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IOC Bans Russia From 2018 Winter Olympics

RFE/RL December 05, 2017

The International Olympic Committee (IOC) has banned Russia from the 2018 Winter Olympics over allegations of state-sponsored doping but said that some Russian athletes would be allowed to compete "under strict conditions."

The IOC said in a December 5 statement that some Russian athletes who clear several strict anti-doping hurdles would be allowed to compete in the February games in Pyeongchang, South Korea, under a neutral uniform but that the Russian Olympic Committee would be barred from participation.

The IOC's executive board came to the decision after examining the findings and recommendations of a commission led by former Swiss President Samuel Schmid that has investigated the accusations of state-sponsored doping in Russia.

A 2016 report commissioned by the World Anti-Doping Agency (WADA) found widespread evidence of state-sponsored doping across many Olympic sports in Russia.

The WADA report also found evidence of a cover-up and said Russian security agents were involved in swapping positive urine samples for clean ones at the 2014 Winter Olympics in Sochi.

'Systematic Manipulation'

The IOC said that Schmid's report confirmed "the systematic manipulation of the anti-doping rules and system in Russia."

IOC President Thomas Bach said that the punitive measures targeting Russia came in response to"an unprecedented attack on the integrity of the Olympic Games and sport."

Russian Foreign Ministry spokeswoman Maria Zakharova said in a Facebook post following the announcement that Russia would persevere.

"We can never be knocked down," Zakharova wrote. "Not by a world war, not by the collapse of the Soviet Union, not by sanctions. We take it and we survive."

Russian Olympic Committee President Aleksandr Zhukov said that "punishing the innocent is unjust and immoral."

"This completely contradicts the basic Olympic principles," he was quoted as telling the Russian news agency R-Sport in Lausanne.

'Proven Corruption'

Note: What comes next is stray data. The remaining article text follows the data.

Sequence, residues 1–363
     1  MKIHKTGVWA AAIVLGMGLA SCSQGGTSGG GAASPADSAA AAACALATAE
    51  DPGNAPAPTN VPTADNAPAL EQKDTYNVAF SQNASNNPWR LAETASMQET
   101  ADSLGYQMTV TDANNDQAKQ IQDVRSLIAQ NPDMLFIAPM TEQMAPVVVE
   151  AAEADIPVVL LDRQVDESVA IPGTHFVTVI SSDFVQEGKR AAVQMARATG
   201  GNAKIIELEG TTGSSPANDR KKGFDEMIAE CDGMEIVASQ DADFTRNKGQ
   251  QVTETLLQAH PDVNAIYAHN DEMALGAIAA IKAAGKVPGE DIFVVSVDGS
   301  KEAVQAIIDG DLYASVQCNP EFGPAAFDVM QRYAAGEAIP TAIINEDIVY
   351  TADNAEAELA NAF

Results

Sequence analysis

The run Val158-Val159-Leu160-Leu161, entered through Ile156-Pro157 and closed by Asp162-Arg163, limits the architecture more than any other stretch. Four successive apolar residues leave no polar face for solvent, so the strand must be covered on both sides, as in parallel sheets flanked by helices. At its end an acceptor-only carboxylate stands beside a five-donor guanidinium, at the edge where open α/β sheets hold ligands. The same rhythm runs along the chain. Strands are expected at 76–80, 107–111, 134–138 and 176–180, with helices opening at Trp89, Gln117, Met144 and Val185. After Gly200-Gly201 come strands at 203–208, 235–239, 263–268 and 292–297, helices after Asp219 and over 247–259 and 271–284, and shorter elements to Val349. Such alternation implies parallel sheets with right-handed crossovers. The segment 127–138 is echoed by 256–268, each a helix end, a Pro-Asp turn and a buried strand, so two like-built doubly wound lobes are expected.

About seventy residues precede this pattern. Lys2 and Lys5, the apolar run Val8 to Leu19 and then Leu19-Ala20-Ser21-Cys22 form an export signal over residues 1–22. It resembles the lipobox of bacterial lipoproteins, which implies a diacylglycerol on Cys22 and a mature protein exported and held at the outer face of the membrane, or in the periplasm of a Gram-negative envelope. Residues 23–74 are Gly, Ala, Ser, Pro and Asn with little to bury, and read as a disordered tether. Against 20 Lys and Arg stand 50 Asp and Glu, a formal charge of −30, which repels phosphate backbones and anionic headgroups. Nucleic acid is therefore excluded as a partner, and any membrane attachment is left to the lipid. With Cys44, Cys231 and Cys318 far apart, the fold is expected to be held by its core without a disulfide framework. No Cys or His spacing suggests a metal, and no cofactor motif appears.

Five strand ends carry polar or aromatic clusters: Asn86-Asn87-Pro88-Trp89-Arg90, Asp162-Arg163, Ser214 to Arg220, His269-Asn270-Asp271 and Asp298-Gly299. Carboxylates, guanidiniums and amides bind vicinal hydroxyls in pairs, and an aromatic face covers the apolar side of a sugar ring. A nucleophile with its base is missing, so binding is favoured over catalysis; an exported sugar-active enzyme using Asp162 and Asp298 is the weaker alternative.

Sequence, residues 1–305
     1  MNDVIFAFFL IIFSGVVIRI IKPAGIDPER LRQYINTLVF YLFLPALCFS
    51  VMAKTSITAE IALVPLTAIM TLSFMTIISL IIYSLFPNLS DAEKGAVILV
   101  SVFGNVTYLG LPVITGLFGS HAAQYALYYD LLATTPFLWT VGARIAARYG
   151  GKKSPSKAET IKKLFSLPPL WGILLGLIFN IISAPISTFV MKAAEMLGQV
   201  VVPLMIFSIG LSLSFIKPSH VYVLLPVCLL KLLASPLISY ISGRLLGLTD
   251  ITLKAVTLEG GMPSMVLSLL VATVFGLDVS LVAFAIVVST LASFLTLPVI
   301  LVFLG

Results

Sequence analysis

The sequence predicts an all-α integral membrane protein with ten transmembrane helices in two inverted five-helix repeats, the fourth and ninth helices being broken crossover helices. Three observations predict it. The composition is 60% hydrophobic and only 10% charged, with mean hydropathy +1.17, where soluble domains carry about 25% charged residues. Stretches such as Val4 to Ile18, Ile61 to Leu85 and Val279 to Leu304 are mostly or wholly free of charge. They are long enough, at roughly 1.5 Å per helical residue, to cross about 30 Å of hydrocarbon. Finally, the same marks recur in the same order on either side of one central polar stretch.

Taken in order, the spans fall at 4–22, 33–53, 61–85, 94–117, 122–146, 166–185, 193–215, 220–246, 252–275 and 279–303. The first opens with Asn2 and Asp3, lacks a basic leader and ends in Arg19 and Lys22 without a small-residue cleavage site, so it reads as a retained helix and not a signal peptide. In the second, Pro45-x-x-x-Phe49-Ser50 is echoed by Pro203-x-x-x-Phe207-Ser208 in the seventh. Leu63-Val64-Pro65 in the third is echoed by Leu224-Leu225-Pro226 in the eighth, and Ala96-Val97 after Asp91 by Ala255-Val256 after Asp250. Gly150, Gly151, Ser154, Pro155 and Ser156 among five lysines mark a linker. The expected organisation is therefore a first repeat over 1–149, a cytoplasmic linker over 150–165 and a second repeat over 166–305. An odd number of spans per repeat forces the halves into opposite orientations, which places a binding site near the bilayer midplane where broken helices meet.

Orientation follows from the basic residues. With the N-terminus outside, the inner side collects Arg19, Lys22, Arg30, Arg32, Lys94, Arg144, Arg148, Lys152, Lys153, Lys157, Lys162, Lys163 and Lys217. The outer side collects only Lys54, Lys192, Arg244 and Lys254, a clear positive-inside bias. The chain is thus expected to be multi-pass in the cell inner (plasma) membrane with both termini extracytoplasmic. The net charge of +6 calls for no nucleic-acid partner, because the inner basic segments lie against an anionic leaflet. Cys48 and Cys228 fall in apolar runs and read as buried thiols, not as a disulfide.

Several countries have previously been barred from participating in the Olympics, but the December 5 announcement was the first such ban on a national Olympic team due to doping.

Seventeen national anti-doping organizations demanded in September that Russia be banned from the 2018 Olympics, citing "proven corruption of the Sochi 2014 Games and continuing failure in its obligations to clean sport."

Russian President Vladimir Putin and other Russian officials have all denied any state involvement in the string of doping cases that has led to the banning of dozens of Russian athletes over the past two years.

Schmid's report, released in conjunction with the December 5 announcement of the ban, said that his commission "has not found any documented, independent, and impartial evidence confirming the support or the knowledge of this system by the highest state authority" in Russia.

The IOC announced several other punitive measures against Russia on December 5, including a lifetime ban against former Russian Sports Minister Vitaly Mutko, a current deputy prime minister, on participation in future Olympics.

Last-Minute Appeal

In a last-minute appeal to the committee, Mutko had said that "we are relying on common sense, on the IOC Charter, on the assumption that no one abolished the presumption of innocence."

The IOC also suspended Zhukov as its member, saying his membership was linked to his role as Russia's top Olympic official.

Kremlin spokesman Dmitry Peskov said earlier this week that Russia was "against the infringement of our athletes' rights, the unjustifiable infringement of rights."

"But at the same time Russia remains committed to the ideals of Olympism," Peskov said on December 4 in a regularly-held conference call.

Peskov suggested that Putin had decided against a boycott, and said the decision was aimed at "preserving all possible channels of cooperation and dialogue with the IOC, as well as with other international sports organizations."

But following the IOC announcement on December 5, the Russian state television holding company VGTRK said that it would not broadcast the Pyeongchang Winter Olympics, the Russian news agency Interfax reported.

Moscow Blames Whistle-Blower

Russian prosecutors have accused the former head of Moscow's drug-testing lab, Grigory Rodchenkov, of being largely responsible for the doping scandal.

Rodchenkov became a whistle-blower and fled to the United States, where he lives in hiding. The IOC said last week that Rodchenkov was "truthful" in revealing a Russian doping "conspiracy" to the world.

Schmid told reporters in Lausanne on December 5 that the results of his report "are not based only on Grigoory Rodchenkov's testimony."

"There is scientific evidence, witness statements documents and correspondence," he said.

Gracenote Sports, a company that forecasts likely medal winners, had predicted Russia would win 21 medals at Pyeongchang, including six golds, if it was allowed to compete.

With reporting by AP, TASS, dpa, Reuters, USA Today, AFP, Interfax, and the BBC

Source: https://www.rferl.org/a/russia-ioc- doping-olympics/28898612.html

Copyright (c) 2017. RFE/RL, Inc. Reprinted with the permission of Radio Free Europe/Radio Liberty, 1201 Connecticut Ave., N.W. Washington DC 20036.



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